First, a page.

Review: Wilco-The Whole Love Review: Wilco-The Whole Love
BY BROCK LANDERS Wilco’s new album The Whole Love, the first they have self-released on their own dBpm Records label, shows a band that,... Review: Wilco-The Whole Love


Wilco’s new album The Whole Love, the first they have self-released on their own dBpm Records label, shows a band that, nearly 20 years into their career, is comfortable in its own skin. In stark contrast to the restless boundary pushing and searching for identity on earlier albums like Yankee Hotel Foxtrot and A Ghost Is Born, The Whole Love is the statement of a band who know who they are and what they can do. Much like their last recorded effort, 2009’s Wilco (The Album), but to an even greater extent here, The Whole Love finds Wilco as expert craftsmen, aware of their abilities, the tools in their toolbox, and how to use those tools to the greatest effect.

While this approach shows the width and breath of Wilco’s stylistic palette and serves the individual songs, The Whole Love doesn’t quite cohere as a whole, both thematically and sonically. For those who remember the cohesive artistic statements of Summerteeth and Yankee Hotel Foxtrot, this lack of overall thematic unity is slightly jarring. However, this is a minor flaw as, on a song by song basis, The Whole Love is as strong as anything the band has released in the past.

The Whole Love is bookended by it’s two most ambitious and memorable songs, “Art Of Almost” and “One Sunday Morning (Song For Jane Smiley’s Boyfriend)”. “Art Of Almost” starts off as a moody sound collage and slowly builds over it’s seven minutes to an unruly and cathartic guitar squall freakout by lead guitarist Nels Cline.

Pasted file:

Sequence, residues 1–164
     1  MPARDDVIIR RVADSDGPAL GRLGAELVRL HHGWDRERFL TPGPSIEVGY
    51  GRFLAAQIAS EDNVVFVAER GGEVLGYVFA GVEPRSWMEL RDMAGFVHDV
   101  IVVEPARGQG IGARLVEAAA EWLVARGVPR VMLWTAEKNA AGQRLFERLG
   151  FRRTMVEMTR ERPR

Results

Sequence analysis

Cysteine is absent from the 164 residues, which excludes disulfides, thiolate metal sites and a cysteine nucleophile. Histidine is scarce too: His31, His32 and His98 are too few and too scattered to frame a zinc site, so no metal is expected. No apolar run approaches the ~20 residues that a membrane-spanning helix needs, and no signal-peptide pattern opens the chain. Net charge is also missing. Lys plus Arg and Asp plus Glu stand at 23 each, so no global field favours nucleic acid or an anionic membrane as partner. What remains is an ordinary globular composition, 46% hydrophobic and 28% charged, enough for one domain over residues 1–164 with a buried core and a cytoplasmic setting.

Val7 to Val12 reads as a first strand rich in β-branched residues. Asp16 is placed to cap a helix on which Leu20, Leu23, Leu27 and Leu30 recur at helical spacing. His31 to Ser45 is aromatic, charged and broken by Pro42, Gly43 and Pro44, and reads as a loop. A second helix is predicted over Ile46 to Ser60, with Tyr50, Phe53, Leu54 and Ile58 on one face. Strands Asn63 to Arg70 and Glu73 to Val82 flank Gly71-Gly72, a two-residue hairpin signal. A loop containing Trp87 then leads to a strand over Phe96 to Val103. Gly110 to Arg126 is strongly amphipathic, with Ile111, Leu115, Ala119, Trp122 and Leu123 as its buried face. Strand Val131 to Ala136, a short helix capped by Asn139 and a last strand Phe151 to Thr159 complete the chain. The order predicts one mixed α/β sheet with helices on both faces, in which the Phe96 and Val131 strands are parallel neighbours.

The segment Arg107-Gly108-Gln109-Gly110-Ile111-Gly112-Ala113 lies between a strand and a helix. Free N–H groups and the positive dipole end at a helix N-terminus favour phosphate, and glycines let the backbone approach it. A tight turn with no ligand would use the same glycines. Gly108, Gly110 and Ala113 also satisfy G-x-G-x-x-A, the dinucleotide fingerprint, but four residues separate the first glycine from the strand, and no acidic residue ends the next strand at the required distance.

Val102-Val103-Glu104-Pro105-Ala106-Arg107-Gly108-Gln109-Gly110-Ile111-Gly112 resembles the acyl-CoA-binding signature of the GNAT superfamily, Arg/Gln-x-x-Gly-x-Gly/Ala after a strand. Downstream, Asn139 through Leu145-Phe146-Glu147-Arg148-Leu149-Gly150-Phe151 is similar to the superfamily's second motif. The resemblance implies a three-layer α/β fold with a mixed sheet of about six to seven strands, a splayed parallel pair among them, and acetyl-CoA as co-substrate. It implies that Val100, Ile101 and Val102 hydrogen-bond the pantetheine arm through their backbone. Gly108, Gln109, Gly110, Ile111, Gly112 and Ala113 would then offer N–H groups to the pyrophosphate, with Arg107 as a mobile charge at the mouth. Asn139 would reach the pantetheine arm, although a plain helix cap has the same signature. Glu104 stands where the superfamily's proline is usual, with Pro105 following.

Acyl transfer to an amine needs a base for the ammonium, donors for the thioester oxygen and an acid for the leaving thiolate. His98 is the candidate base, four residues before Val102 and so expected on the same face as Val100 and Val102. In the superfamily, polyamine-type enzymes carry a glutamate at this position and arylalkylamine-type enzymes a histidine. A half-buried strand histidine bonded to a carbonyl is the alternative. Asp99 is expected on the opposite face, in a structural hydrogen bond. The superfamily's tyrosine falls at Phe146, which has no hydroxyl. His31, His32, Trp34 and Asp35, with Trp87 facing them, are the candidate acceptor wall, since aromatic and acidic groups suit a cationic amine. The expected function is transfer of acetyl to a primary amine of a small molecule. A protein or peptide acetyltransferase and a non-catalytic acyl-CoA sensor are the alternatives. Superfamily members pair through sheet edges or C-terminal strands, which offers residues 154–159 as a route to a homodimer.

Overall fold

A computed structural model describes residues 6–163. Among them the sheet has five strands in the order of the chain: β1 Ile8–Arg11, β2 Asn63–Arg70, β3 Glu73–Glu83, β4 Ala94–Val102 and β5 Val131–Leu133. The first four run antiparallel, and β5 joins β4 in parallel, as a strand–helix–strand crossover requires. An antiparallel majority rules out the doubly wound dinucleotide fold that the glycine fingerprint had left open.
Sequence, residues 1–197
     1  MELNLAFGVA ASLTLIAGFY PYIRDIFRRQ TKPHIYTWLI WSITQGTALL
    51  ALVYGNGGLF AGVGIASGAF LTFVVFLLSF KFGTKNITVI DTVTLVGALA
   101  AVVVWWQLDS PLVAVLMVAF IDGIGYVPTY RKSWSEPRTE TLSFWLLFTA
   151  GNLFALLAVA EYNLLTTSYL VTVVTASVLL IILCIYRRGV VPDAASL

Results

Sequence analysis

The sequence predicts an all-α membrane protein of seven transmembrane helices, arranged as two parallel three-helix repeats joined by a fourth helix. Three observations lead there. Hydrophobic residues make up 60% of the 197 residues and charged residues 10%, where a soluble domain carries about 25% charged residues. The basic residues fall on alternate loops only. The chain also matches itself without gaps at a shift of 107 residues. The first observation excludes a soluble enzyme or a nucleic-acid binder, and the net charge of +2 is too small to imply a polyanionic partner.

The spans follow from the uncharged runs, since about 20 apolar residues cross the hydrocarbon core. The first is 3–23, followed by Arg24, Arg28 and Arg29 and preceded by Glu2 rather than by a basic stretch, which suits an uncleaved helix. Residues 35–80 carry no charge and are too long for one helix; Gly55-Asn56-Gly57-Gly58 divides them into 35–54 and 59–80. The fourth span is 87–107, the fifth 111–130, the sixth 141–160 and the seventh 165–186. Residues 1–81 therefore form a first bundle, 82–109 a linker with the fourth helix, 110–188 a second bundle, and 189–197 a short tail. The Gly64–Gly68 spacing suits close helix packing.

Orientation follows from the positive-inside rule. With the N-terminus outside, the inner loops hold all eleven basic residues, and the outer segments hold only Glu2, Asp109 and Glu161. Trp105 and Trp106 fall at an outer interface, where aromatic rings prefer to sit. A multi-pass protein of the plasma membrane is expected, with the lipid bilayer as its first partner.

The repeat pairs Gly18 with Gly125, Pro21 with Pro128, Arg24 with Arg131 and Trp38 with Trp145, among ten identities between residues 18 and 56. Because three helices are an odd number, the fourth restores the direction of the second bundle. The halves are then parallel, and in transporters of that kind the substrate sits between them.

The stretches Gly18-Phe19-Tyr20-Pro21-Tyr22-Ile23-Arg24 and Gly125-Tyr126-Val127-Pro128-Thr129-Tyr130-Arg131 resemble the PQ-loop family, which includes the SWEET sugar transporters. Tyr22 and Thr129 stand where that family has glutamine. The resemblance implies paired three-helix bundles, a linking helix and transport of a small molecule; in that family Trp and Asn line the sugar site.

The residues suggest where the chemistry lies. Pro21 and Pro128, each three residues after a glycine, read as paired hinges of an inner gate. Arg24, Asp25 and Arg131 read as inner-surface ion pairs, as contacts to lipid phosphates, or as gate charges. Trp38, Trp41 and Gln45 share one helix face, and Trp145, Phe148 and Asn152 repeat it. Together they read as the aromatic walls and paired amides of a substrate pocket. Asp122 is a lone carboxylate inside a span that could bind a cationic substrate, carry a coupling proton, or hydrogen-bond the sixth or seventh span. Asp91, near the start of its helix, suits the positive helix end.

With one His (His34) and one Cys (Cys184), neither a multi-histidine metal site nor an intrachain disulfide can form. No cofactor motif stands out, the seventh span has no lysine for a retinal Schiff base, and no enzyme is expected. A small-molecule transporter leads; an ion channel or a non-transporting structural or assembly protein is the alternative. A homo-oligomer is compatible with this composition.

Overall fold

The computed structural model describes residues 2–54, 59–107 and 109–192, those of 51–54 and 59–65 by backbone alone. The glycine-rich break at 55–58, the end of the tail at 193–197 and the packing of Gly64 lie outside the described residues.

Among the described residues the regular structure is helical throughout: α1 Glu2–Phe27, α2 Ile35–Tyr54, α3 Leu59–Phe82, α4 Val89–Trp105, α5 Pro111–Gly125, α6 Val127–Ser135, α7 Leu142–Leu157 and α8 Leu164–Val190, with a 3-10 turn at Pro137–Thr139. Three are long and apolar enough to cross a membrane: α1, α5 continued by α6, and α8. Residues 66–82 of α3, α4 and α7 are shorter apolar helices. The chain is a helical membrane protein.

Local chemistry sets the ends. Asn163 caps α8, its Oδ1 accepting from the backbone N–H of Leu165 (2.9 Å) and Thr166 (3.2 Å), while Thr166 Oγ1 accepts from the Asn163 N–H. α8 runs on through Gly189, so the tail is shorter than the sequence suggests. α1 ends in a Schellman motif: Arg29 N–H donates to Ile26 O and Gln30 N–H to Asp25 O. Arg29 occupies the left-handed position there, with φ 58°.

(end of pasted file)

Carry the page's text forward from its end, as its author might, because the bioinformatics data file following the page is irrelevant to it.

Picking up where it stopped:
The ten songs in between merrily shift between styles and tone that run the gamut of Wilco’s eighteen year musical history. The most prominent touchstone is the band’s 1999 album Summerteeth. That record’s sunny pop sound with a dark undercurrent is echoed on half of The Whole Love’s tracks, including the first single “I Might”, in which the song’s driving sixties garage pop is tempered with Wilco leader Jeff Tweedy’s black humored lyrics that state, “It’s alright, you won’t set the kids on fire, Oh but I might.”

The album’s coda is the twelve minute “One Sunday Morning (Song For Jane Smiley’s Boyfriend), which is as musically plain and emotionally stark as the album’s opener “Art Of Almost” is complex and enigmatic. Other than small musical textures and embellishments, the song maintains the same simple groove over its entire running time as it details the raw emotional politics of a father and a son. The lyrics were inspired by a real life conversation Tweedy had at a party with the titular “Jane Smiley’s Boyfriend”. Tweedy was reportedly so touched by the naked, emotional honesty related to him by someone he had just met, that he immortalized it in song. What is remarkable for such a long song, is that it never drags or wears out it’s welcome. The listener is so drawn in that the songs nearly fifteen minutes are unnoticeable.

While The Whole Love might not have the artistic gravitas of some of their previous work, it is a superb collection of songs by a songwriter and band at the peak of their powers. If this is the sound of Wilco coasting on their past successes, then this listener is content to ride along.